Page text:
Said is at pains to stress – is a society made up of immigrants and therefore in conception if not
      always in fact a multifarious and hospitable place, but more importantly because it is of the very
      nature of humanistic activity to upset, interrogate and reformulate ostensible certainties. Those
      dogmatic presuppositions cannot survive the knowledge of self and world to which humanistic
      scrutiny gives rise. Awareness of a world rendered indistinct by media clichés, filtered through the
      ideological preconceptions of policy makers, or else glimpsed through the cross hairs of military
      planners demolishes the myth of the United States‘s irreproachable virtue. That this myth has for
      many gained rather than lost credibility since 9/11 is a fact that has made all the more urgent the sort
      of careful humanistic scrutiny required to break through blinkeredness and patriotic fealty. Critical
      consciousness or, put differently, a biting distrust of accepted wisdom is the humanist‘s customary
      mode. A form of resistance, humanism necessitates a militant critique of jingoistic ideologies and a
      practical refusal to tolerate distant suffering. Principally it means situating critique at the heart of
      humanism, critique as a form of democratic freedom and as a continuous practice of questioning and
      of accumulating knowledge that is open to, rather than in denial of, the constituent historical realities
      of the post-Cold War world, its early colonial formation, and the frighteningly global reach of the last
      remaining superpower of today.6

Humanist protect and action solves
Robert Spencer -weekly columnist for Human Events and FrontPage Magazine, and has led seminars on Islam
and jihad for the United States Central Command, United States Army Command and General Staff College,
the U.S. Army's Asymmetric Warfare Group, the FBI, the Joint Terrorism Task Force, and the U.S. intelligence
community. 2006
(―Edward Said and the war in Iraq‖ New Formations #59)

      Fitting epitaphs both, these final texts constitute a rousing call for a new global consciousness of
      critical vigilance, moral obligation, and political solidarity. Like Shelley‘s ‗[r]ulers who neither see,
      nor feel, nor know,‘ American and British leaders have emphatically not shown a convincing
      commitment to democratic and humanist principles. Happily, however, as Said is evidently delighted
      to observe, many of their people have: [It is] a great and noble fact that for the first time since World
      War II, there are mass protests against the war taking place before rather than during the war itself.
      This is unprecedented and should become the central political fact of the new globalized era into which
      our world has been thrust by the United States and its superpower status. What this demonstrates is


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      that despite the awesome power wielded by autocrats and tyrants like Saddam and his American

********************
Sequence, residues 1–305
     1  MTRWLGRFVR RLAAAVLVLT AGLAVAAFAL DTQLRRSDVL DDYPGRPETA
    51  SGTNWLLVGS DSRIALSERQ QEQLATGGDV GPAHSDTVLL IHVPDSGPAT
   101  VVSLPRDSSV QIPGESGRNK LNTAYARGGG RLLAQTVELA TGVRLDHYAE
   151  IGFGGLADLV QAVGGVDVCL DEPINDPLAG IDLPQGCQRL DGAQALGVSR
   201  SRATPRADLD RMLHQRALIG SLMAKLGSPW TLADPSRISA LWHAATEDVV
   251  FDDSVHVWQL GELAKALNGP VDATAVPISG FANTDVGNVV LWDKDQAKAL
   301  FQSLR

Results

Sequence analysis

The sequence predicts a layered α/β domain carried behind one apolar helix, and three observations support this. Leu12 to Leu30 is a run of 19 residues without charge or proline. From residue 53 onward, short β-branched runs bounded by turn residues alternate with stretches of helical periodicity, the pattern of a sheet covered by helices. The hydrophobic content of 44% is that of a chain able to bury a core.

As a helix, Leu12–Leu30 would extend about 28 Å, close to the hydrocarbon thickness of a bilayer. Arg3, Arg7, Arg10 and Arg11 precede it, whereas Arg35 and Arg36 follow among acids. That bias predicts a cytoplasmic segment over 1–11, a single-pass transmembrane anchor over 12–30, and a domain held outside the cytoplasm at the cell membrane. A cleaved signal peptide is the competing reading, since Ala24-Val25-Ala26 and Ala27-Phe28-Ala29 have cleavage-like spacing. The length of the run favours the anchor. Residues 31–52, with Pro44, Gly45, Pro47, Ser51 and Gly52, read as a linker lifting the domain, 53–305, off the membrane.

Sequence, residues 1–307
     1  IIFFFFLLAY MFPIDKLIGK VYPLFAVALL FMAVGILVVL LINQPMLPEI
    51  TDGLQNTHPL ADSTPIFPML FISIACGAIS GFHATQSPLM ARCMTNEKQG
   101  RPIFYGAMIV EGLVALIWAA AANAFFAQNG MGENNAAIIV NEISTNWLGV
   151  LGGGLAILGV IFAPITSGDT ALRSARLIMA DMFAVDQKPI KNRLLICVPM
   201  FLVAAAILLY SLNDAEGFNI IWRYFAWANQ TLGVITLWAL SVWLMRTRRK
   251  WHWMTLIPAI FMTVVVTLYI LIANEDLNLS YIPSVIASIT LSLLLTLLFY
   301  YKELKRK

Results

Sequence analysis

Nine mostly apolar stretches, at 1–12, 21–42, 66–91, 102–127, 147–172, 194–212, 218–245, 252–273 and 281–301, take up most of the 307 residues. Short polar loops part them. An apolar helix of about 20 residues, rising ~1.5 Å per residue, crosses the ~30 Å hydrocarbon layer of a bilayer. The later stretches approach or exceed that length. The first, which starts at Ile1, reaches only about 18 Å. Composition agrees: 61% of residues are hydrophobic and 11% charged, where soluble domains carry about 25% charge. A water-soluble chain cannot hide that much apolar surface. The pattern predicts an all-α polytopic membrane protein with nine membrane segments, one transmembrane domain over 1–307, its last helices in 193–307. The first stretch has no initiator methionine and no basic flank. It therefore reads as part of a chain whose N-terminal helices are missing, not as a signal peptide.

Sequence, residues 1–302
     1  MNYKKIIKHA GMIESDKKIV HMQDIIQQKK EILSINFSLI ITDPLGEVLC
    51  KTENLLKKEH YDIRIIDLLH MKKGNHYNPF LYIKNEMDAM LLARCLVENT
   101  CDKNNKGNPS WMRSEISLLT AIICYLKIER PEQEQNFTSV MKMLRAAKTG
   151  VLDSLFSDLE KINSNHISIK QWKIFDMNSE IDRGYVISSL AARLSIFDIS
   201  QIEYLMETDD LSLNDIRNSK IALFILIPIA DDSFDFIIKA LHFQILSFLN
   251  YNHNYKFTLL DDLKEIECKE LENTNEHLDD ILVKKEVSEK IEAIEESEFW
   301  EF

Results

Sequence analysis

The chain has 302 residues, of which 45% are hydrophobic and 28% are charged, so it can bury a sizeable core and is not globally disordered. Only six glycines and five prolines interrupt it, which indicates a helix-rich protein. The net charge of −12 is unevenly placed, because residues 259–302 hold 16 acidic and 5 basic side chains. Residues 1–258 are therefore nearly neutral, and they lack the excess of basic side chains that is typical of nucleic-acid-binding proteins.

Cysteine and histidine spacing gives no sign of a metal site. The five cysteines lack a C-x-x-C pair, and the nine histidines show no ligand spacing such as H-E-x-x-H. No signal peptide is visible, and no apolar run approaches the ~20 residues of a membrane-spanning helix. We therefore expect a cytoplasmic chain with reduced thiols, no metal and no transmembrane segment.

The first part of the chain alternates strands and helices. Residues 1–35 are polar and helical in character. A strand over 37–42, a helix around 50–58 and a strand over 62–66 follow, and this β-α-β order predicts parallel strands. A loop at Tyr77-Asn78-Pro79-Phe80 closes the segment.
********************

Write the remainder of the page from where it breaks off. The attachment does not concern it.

antagonists, despite the complicity of a mass media that has (willingly or unwillingly) hastened the
      rush to war, and despite the indifference and ignorance of a great many people, mass action and mass
      protest on the basis of human community and sustainability are still formidable tools of human
      resistance. Call them weapons of the weak, if you wish.17




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                                                    Military  Us/Them Dichotomies
Military presence entrenches hierarchies of American superiority – Iraqis are segregated on a daily basis
Michael Schwartz, professor of sociology at Stony Brook State University and author of War Without End:
The Iraq War in Context. 7-10-09 ―Colonizing Iraq: The Obama Doctrine?‖

      Beyond this legal segregation, the U.S. has also been erecting a segregated infrastructure within Iraq . Most embassies
      and military bases around the world rely on the host country for food, electricity, water, communications, and daily supplies. Not the U.S. embassy or the
                                                                                       They all have their own electrical generating
      five major bases that are at the heart of the American military presence in that country.
      and water purification systems, their own dedicated communications, and imported food from outside
      the country. None, naturally, offer indigenous Iraqi cuisine; the embassy imports ingredients suitable for reasonably upscale American restaurants,
      and the military bases feature American fast food and chain restaurant fare. The United States has even created the rudiments of its own transportation
            Iraqis often are delayed when traveling within or between cities, thanks to an occupation-created
      system.
                             maze of checkpoints, cement barriers, and bombed-out streets and roads; on the other hand, U.S.
      (and now often Iraqi-manned)